Every time you write I always think it can't get any better - and then it does.

What a beautiful piece of writing. And I have oft wondered where the fauna of our woods goes to die. It's more beautiful than I ever imagined.


NCmountainwoman said...

What a lovely tribute to a fallen animal. Thank you for giving us pause to think seriously for a moment.

kate said...

This was a beautiful post - I wonder if the deer was hit by a wasting disease which seems to be affecting the deer population here.

It is good to know that the doe died a gentle death. said...

This is a lovely moment remembered and shared Nina. Thank you. Living in an isolated rural area we too share our home with wildlife though we've never been so fortunate to experience a moment such as this.


Diane at Sand to Glass

Julie Zickefoose said...

Head in hands, what else to say?

cestoady said...

Such an eloquent,even gracious, description of one of life's greatest moments --- even for deer.

A sharp contrast to your post of Nov. 7, where your perceptive words on the death of another deer are so touching-- but in a different way.

Jennifer said...

Wow... this brought tears to my eyes.

Mary said...

Oh, my. Knot in throat.

Beth said...

That was so beautiful. I'm grateful to have that lovely story in my mind today. Thank you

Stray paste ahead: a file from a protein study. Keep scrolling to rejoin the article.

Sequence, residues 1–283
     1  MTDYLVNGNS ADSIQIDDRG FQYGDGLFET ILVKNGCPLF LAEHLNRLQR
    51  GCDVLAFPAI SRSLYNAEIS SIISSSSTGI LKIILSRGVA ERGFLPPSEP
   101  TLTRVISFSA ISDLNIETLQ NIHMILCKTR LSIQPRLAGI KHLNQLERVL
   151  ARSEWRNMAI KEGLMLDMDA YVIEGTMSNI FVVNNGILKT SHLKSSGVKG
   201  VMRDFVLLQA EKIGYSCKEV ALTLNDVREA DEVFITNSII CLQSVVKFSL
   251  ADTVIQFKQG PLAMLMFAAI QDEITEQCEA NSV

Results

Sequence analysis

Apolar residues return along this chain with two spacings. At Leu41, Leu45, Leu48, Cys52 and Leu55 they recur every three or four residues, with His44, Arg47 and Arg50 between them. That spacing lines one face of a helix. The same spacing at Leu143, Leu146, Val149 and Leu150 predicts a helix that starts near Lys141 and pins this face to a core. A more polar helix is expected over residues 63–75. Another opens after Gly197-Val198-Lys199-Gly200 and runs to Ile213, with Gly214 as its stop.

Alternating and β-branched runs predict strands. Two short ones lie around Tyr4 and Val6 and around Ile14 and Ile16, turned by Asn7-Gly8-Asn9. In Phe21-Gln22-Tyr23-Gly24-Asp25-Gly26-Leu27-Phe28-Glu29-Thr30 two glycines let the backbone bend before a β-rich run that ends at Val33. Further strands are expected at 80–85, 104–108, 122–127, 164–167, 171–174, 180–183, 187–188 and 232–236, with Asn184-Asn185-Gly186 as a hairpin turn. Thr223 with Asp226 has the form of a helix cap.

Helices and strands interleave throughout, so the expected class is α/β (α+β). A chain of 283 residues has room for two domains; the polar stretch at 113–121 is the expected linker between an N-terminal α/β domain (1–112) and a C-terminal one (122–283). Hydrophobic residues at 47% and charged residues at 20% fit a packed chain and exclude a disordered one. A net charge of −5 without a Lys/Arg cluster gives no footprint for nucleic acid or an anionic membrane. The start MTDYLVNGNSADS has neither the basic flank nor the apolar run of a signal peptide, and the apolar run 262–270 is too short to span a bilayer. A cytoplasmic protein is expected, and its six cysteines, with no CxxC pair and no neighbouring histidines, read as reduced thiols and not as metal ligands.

poefusion said...

I ventured here via T R's blog to find this wonderful tribute to one of nature's most beautiful animals. You simply had me in tears by the end. I am fortunate enough to see deer in front of our house (a field) from time to time. They never cease to amaze me. Before a house moved onto the field they grazed I could watch them sleep at night curled inside the weeds. Beautiful. I look forward to my return. Have a nice day.

TR Ryan said...

I just clicked on my "Bloggy Award" link - and guess who got reviewed today! Nature Remains - now Nina Comenichi of the Blogworld for her PERFECT 10!!! CONGRATULATIONS!!!!!!

nina at Nature Remains. said...

I'm so pleased that this story has touched others the way it touched me. I've carried it around for a while, almost afraid it would seem less than special, if I tried to capture it with words.
Thankfully, you all "get" it--just as I do.

Chris said...

What wonderful writing! Such a beautiful story, thank you!

Anonymous said...

This gave me chills. It's strikingly beautiful and sad. I love your blog because it reminds me of everything I miss dearly--I grew up in a country wooded setting much like yours, but left a year and a half ago to get my first apartment.

Laura said...

This is lovely. I stopped by here after your comment on my blog (Nurturing Nature). This piece caught my eye because we just spotted a few deer last weekend, in our own wooded ravine.

Oh ... and I found it interesting that you're in southwest OH (I grew up in Cincinnati), and you're on LibraryThing (I'm lindsacl over there).

So with all that, I'm now subscribing to your feed!

nina at Nature Remains. said...

Thanks Laura,
It seems we live parallel lives!